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I was recently working on a problem that introduced the homotopy extension property as a cofibration $i:A \to B$. Let's say we are given the commutative diagram:

enter image description here

Now, if $i:A \to B$ is the inclusion map, the cofibration property is precisely the homotopy extension property. I was trying to understand the given solution as to why any cofibration is a homeomorphism onto its image.

The solution says:

Consider the mapping cylinder of $i$ which is $X = (A \times I)\sqcup B/\sim$, where $(a,0)$ gets glued to $i(a)$. We set $H$ to be the obvious projection $A \times I \to X$ and $G_0$ to be the inclusion $B \to X$. By the cofibration property there is a map $G$ as in the diagram, and denote by $G_1: B\to X$ the composition of $G$ with the inclusion of $B$ at height $1$. Define $H_1:A \to X$ analogously. By construction, $H_1$ is a homeomorphism onto its image, and $H_1 = G_1 \circ i$. Thus $H_1^{-1}$ is defined.

I have issues seeing why $H_1^{-1}$ is defined. Could someone please elaborate? Why and how is $H_1^{-1}$ defined? What is the key observation here?

Edit: i have added the last paragraph of the solution.

Thus $H_1^{-1}$ is defined and continuous on the image of$G_1|_{i(A)}$. It follows that $H_1^{-1}\circ G_1|_{i(A)}: i(A) \to A$ is a continuous inverse to $i$. Thus $i$ is in particular injective and also surjective (onto its image) so all the maps arehomeomorphisms.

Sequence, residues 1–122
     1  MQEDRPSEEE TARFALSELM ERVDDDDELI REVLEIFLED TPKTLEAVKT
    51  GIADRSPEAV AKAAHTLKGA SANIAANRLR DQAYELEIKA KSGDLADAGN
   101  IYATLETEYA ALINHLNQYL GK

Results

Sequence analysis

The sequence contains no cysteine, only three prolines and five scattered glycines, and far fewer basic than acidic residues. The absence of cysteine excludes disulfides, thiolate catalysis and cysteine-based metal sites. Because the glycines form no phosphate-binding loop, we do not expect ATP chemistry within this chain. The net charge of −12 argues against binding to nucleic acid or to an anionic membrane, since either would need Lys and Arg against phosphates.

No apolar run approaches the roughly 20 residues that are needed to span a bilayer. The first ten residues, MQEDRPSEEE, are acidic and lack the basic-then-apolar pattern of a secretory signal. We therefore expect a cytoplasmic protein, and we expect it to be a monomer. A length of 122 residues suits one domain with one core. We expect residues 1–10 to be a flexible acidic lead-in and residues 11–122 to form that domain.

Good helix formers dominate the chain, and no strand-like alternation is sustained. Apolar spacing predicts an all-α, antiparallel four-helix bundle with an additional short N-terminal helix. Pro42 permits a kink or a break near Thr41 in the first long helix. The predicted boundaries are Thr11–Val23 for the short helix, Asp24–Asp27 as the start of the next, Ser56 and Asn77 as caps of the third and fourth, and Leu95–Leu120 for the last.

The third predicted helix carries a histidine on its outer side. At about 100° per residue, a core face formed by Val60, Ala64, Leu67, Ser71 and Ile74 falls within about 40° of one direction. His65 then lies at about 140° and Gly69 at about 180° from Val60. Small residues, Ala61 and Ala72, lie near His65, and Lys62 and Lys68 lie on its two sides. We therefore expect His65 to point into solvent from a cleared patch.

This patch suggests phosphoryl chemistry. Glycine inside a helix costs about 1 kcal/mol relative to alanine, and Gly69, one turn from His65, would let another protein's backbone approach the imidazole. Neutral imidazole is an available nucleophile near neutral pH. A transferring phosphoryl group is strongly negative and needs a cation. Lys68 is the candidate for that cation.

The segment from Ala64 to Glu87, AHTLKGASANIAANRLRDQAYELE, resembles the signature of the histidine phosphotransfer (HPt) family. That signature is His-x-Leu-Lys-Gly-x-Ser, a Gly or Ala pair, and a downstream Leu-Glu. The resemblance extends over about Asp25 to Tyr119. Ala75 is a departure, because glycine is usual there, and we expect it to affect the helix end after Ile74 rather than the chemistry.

As being mentioned in the comments, $H_1^{-1}$ is only defined on the image of $H_1$. Is the solution not correct or where am i being mistaken?

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  • $\begingroup$ $H_1^{-1}$ is only defined on the image $H_1(A)\subset X$. In particular $(H_1^{-1})(x)=a$, where $a\in A$ is the unique element with $H_1(a)=x$. $\endgroup$ – Tyrone May 18 '20 at 16:24
  • $\begingroup$ Hello Tyrone, yes exactly, that was my thought, too. I am a bit worried. $\endgroup$ – Zest May 18 '20 at 16:36
  • $\begingroup$ $B$ is embedded in $X$ as a closed subspace. Thus $X\setminus B$ is an open set homeomorphic to $A\times(0,1]$. This is clear from the quotient topology on $X$. In particular $H_1$ maps $A$ homeomorphically onto $A\times\{1\}\subset X$. The inclusion $in_1:A\hookrightarrow A\times(0,1]$ is an embedding since it has a retraction. Namely $pr_1:A\times(0,1]\rightarrow A$. Thus $H_1$ is an embedding. $\endgroup$ – Tyrone May 18 '20 at 16:57
  • $\begingroup$ Thank you, but having $H_1$ being an embedding just tells me that $H_1^{-1}$ is only defined on the image of $H_1$, doesnt it? In other words, i can't say $H_1^{-1}$ is defined on $X$. $\endgroup$ – Zest May 18 '20 at 17:05
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    $\begingroup$ I think i got it, thanks Tyrone. I think my issue was that i failed to chase the diagram properly and i got stuck at $H_1^{-1}$ is defined, not realizing, that the actual claim was: $H_1^{-1}$ is defined and continous on the image of $H_1$ which is the key observation. $\endgroup$ – Zest May 18 '20 at 17:29
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I think Tyrone's comments have clarified that "$H_1$ is a homeomorphism onto its image" means that $H'_1 : A \stackrel{H_1}{\to} H_1(A)$ is a homeomorphism which is obvious by definition of $H$ (note that $H_1(A)$ is the image of $A \times \{1\}$ under the quotient map ($A \times I) + B \to X$). Since certainly $H_1 = G_1 \circ i$, we get $H_1(A) = G_1(i(A))$ so that $G_1$ restricts to $G'_1 : i(A) \stackrel{G_1}{\to} H_1(A)$. By construction we have $G'_1 \circ i = H'_1$.